Phase B[edit]

Phase B would test the Venus flyby spacecraft in a long duration mission in high orbit. A Saturn V would launch a Block III CSM designed for long-term spaceflight and a modified S-IVB with the Environmental Support Module required for the real Venus flyby, and following the transposition and docking maneuver the S-IVB engine would carry the spacecraft to a circular orbit at an altitude of about 25,000 miles around the Earth. This altitude would be high enough to be clear of Earth's radiation belts while exposing the spacecraft to an environment similar to that of a trip to Venus, yet close enough to Earth that the astronauts could use the CSM to return in a few hours in an emergency.

Power would probably be provided by solar panels similar to those used on Skylab, as fuel cells would require a very large amount of fuel to operate for a year. Similarly the fuel cells in the SM used to provide power on lunar flights would be replaced by batteries which would provide enough power for the duration of launch and re-entry operations.

Phase C[edit]

Phase C would be the actual manned flyby, using a Block IV CSM and an updated version of the Venus flyby S-IVB which would carry a large radio antenna for communication with Earth and two or more small probes which would be released shortly before the flyby to enter the atmosphere of Venus. The Block IV CSM has LM engines replacing the Service Propulsion System engines, batteries to replace the fuel cells, and other modifications to support long-range communication with Earth and the higher re-entry velocities required for the return trajectory compared to a return from lunar orbit.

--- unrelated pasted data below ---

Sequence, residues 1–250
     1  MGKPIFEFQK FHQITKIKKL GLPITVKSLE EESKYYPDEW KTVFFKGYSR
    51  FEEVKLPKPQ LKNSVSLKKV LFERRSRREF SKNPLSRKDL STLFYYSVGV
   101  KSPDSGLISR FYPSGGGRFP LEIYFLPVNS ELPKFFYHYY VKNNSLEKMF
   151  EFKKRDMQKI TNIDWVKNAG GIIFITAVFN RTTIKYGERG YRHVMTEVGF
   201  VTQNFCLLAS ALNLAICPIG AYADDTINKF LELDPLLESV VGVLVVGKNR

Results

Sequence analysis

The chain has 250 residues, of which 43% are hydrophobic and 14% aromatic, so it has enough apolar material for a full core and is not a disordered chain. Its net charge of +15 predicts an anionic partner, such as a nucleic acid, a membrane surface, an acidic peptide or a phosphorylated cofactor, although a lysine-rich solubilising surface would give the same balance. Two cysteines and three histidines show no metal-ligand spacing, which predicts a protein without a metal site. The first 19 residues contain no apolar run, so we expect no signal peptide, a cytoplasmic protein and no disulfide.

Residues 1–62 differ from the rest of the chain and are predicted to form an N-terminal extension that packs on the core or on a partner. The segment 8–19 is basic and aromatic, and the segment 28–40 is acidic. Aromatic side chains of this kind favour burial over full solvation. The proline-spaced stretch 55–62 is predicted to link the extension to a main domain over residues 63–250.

The Phase C mission was planned to launch in late October or early November 1973, when the velocity requirements required to reach Venus and the duration of the resulting mission would be at their lowest. After a brief stay in Earth parking orbit to check out the spacecraft the crew would head for Venus: in the event of a major problem during the Trans-Venus Injection burn, they would have roughly an hour to separate the CSM from the S-IVB and use the SM engine to cancel out most of the velocity they gained from the burn. This would put them into a highly elliptical orbit which would typically bring them back to Earth for a re-entry two to three days later. Beyond that time the SM engine would not have enough fuel to bring the CSM back to Earth before the SM batteries ran out of power: it would literally be 'Venus or Bust'.